Here at the U.S. Amateur, Hammer shot rounds of 69-68 and was once again in position to earn co-medalist honors. At 6-under 137, he was tied with 19-year-old Daniel Hillier of New Zealand.

    “It would mean a lot, especially after being medalist at the Western Am,” Hammer said afterward. “It’s pretty special.”

    No stroke-play medalist has prevailed in the 64-man match-play bracket since Ryan Moore in 2004. Before that, Tiger Woods (1996) was the most recent medalist champion.  

    Match scoring from U.S. Amateur

    U.S. Amateur: Articles, photos and videos

    On the strength of his Western Am title, Hammer, 18, has soared to No. 18 in the World Amateur Golf Ranking. He credited his work with swing coach Cameron McCormick and mental coach Bob Rotella.

    “Just really started controlling my iron shots really well,” said Hammer, who has worked with McCormick since 2015, when he qualified for the U.S. Open at Chambers Bay as a 15-year-old.

    “Distance control with my wedges and all my iron shots, playing different shots, has become really a strength in my game. I’ve really turned the putter on this year, and I’m seeing the lines and matching the line with the speed really well. I think that’s been the key to my summer.”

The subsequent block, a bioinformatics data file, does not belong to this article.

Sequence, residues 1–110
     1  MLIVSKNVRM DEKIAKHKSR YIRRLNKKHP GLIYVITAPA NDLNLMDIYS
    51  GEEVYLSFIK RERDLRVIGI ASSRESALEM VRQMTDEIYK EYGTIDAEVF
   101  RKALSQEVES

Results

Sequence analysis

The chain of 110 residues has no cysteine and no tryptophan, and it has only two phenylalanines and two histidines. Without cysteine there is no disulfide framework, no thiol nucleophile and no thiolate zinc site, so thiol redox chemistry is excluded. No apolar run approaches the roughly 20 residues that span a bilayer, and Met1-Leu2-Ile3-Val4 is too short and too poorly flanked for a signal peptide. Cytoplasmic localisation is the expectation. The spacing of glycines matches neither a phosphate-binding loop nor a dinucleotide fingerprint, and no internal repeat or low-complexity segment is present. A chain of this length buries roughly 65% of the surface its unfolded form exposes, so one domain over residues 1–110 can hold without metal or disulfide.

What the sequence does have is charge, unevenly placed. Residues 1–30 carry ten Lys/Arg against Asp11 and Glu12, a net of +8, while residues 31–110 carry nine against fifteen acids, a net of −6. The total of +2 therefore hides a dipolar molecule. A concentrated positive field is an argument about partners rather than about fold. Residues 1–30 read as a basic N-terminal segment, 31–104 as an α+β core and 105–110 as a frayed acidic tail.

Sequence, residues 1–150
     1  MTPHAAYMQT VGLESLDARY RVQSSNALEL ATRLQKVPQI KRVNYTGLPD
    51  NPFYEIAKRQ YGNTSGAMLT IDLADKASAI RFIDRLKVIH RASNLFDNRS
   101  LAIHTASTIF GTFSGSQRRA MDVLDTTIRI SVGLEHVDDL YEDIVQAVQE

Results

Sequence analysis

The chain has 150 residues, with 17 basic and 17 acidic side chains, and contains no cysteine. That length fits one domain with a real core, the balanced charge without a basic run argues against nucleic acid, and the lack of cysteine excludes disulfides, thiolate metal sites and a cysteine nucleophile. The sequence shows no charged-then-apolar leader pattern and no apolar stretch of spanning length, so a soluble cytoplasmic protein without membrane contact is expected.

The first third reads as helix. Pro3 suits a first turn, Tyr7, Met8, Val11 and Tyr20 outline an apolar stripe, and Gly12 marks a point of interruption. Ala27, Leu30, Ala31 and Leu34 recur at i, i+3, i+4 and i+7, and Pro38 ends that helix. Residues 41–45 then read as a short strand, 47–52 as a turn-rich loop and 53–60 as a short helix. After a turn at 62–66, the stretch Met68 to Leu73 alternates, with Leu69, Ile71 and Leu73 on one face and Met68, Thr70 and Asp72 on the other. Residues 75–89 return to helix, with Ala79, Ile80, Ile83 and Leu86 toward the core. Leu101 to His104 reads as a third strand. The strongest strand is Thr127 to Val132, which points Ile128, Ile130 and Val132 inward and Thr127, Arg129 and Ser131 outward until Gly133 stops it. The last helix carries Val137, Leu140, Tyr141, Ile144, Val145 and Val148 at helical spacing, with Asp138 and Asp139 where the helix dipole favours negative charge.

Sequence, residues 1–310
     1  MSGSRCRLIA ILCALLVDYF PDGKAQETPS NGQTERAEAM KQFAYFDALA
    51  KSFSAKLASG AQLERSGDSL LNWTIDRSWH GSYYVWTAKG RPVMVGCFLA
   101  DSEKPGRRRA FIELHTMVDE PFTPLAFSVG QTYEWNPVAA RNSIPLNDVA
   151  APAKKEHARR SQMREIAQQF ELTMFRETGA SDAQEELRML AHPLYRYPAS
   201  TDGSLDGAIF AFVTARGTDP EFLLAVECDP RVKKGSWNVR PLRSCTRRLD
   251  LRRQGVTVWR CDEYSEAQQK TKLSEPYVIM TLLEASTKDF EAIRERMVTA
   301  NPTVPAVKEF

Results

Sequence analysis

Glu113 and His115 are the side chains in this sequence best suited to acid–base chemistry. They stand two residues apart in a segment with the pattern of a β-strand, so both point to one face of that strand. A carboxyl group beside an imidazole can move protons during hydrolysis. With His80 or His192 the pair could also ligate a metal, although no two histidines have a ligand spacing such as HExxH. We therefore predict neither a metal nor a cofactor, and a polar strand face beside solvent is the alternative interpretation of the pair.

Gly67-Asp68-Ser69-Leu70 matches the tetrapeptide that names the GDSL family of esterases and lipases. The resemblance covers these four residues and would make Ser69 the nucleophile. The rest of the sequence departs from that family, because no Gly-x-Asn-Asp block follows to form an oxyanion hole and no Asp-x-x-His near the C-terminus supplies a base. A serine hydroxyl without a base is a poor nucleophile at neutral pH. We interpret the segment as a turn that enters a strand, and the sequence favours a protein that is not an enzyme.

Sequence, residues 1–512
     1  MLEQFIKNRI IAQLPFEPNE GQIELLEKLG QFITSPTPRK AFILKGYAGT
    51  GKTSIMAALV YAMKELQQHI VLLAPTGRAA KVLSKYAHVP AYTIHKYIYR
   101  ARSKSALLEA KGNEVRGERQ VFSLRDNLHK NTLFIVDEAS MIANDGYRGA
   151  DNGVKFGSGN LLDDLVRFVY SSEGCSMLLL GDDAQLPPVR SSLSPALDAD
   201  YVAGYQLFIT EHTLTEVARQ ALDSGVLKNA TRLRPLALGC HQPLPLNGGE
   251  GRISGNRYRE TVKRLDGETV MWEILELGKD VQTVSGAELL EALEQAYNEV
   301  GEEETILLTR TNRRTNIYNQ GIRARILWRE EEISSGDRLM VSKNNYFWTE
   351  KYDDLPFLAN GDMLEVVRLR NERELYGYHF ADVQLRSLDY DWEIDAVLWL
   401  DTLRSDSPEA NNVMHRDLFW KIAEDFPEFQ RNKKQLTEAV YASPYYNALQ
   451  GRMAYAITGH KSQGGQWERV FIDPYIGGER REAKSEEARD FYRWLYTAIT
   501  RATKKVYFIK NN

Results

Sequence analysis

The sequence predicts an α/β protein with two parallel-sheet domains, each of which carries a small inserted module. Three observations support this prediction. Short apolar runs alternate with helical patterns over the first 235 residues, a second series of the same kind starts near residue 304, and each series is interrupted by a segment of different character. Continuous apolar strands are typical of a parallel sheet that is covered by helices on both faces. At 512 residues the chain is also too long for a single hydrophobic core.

A two-time New Zealand Amateur champion, Hillier is ranked 27th in the world. He said that, entering the tournament, he would have been pleased just to make it to match play.

    “But to come out on top, it’s amazing,” Hillier said. “Cole is a really good golfer and has been playing well lately. So, yeah, I’m in good company.”

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    Tee times, TV schedule, stats for Wyndham Championship

    By Golf Channel DigitalAugust 14, 2018, 9:55 pm

    It's the last tournament of the PGA Tour's regular season as the top 125 in the FedExCup points list advance to next week's playoff event. Here's the key info for the Wyndham Championship. (Click here for tee times)

    How to watch:

    Thursday, Rd. 1: Golf Channel, 3-6PM ET; live stream:

    Friday, Rd. 2: Golf Channel, 3-6PM ET; live stream:

    Saturday, Rd. 3: Golf Channel, 1-2:45PM ET; live stream:; CBS, 3-6 p.m.

    Sunday, Rd. 4: Golf Channel, 1-2:45PM ET; live stream:; CBS, 3-6 p.m.

    Purse: $6 million

    Course: Sedgefield Country Club (par 70, 7,127 yards)

    Defending champion: Henrik Stenson. Last year he defeated Ollie Schniederjans by one stroke to earn his sixth career PGA Tour win.

    Notables in the field

    Henrik Stenson at the 2018 Arnold Palmer Invitational.